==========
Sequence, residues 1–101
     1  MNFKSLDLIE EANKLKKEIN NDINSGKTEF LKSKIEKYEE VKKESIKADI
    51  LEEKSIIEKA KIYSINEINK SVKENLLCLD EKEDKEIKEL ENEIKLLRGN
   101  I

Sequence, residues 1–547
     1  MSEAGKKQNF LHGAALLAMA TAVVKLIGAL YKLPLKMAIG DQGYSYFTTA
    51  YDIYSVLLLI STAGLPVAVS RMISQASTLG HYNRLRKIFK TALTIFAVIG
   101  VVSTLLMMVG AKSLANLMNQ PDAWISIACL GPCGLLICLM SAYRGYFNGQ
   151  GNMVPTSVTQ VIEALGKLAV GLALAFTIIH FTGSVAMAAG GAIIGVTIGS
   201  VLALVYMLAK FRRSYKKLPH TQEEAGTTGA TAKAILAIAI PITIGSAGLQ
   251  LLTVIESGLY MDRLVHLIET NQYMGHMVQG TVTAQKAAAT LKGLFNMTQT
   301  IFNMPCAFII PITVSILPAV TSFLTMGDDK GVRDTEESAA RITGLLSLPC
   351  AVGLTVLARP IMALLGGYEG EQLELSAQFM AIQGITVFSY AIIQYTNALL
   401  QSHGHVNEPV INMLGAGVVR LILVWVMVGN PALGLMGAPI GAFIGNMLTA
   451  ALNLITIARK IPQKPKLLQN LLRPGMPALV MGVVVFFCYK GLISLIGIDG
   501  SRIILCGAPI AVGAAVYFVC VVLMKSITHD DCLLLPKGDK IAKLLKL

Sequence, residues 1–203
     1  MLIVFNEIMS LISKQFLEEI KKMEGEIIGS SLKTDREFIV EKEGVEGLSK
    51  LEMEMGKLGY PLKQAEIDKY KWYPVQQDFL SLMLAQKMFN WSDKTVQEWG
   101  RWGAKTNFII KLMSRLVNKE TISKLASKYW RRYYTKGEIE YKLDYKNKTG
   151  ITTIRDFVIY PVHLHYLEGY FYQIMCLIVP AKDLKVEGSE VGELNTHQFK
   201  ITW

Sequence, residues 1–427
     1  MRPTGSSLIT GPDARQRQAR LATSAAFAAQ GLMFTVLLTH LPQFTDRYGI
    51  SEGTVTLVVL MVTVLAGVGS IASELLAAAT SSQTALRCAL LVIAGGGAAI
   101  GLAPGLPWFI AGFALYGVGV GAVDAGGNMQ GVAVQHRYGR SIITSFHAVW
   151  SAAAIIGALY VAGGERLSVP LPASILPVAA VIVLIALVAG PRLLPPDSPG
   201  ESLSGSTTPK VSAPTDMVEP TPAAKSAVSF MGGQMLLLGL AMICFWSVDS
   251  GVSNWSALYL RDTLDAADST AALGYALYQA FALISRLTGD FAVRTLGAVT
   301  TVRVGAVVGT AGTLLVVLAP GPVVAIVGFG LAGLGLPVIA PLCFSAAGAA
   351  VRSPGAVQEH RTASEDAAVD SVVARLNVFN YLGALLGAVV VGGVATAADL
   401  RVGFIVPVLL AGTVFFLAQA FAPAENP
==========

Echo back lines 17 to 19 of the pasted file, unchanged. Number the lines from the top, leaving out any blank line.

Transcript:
Sequence, residues 1–203
     1  MLIVFNEIMS LISKQFLEEI KKMEGEIIGS SLKTDREFIV EKEGVEGLSK
    51  LEMEMGKLGY PLKQAEIDKY KWYPVQQDFL SLMLAQKMFN WSDKTVQEWG